Thankfully, software companies can target enterprises that interact with the government. They can sell software to support exporters and importers with the electronic filing of inspection and quarantine paperwork, for example.
Getting paid by enterprises for government-related work is better than being paid by the government itself. But the government-related software market is unlikely to support a large-scale business.
What is a more optimistic perspective on China's software industry? First, statistics may support more optimism. But, as in the case of China's economic growth, China's macro figures and micro landscape are often hard to match.
For example, China's software exports are said to have reached $3.6 bn in 2003, ranking China fourth in the world behind India, Ireland and Israel. Other statistics (including Nasscom's) don't even put China in the top six software exporters. It is difficult to find empirical evidence for a high set of numbers.
Nonetheless, the export of software services is growing. Japan and Korea are the main targets. The exporters are based either in Dalian city in Liaoning province (companies like DHC, Haihui), where they benefit from geographical proximity and language competency, in Beijing (Sinocom, which recently went public in Hong Kong), or in Shanghai (Venus Software, Newtouch).
But the size of this export business is still very small and the addressable market itself limited. Exports to the US don't seem to be strong, while Europe is absent.
More impressively, a growing number of Chinese or China-related organisations have achieved high status in terms of Carnegie Mellon's capability maturity model.
As recently as 2002, only two companies had achieved CMM Level 5 in China -- both Motorola software centres.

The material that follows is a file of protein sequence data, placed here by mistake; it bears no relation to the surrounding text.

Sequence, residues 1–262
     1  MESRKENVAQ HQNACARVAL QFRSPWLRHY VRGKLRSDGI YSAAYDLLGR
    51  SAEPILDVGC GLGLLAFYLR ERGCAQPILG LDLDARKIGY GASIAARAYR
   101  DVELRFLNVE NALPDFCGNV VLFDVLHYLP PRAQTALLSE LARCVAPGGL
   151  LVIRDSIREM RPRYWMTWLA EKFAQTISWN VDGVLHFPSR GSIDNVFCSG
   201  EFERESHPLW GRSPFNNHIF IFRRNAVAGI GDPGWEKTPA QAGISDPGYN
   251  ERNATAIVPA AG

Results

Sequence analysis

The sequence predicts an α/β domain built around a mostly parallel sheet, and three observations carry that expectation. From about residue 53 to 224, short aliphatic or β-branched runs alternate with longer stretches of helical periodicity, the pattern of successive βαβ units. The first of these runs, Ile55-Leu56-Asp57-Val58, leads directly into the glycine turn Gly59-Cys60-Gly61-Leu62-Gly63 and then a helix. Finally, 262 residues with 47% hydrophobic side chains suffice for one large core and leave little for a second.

Now, a handful of native companies have been certified to be at Level 5 based on CMM or the new CMM-I standard, including DHC, which has 1,200 employees in Dalian; Neusoft, a software conglomerate based in Shengyang, also north-east China; Bamboo Networks, a company based in Hong Kong but with facilities in southern China; and NewSky, a company based in Changsha, the capital of Hunan province. Quite a few other Chinese companies are at various points of CMM and/or CMM-I competence.
Despite this, it's fair to say that China's software industry is still emerging. "Scale isn't such a big deal," wrote Bloomberg's Andy Mukherjee in a recent column on the subject.
My own belief is that scale matters -- and that scale is an issue more generally with Chinese enterprises, which are small by international standards and sheltered from serious external competition.
Going forward, China is facing the challenge of increasing complexity. Your typical Chinese company makes a limited range of simple products for a small number of customers.
In hardware, this may mean making a hundred models using several thousand components, for a handful of clients. Administrative staff represent only a small percentage of total personnel.
This is in contrast to an established Western company that may produce hundreds of models, handle tens of thousands of components, have a much large client portfolio and multiple layers of internal management resembling a millefeuilles cake.
The same is true in software. Scale does put a strain on organisations. Managing a company with single or double-digit millions of dollars in sales, like most of China's software companies, or even a group with hundreds of millions of dollars in revenue, as in the case of China's handful of large software conglomerates, is not the same as managing a billion-dollar company with 25,000 employees like Infosys.
In short, the development of the software industry in China is worth monitoring but there are few signs so far that India can expect serious competition.
Photograph: FREDERIC J. BROWN/AFP/Getty Images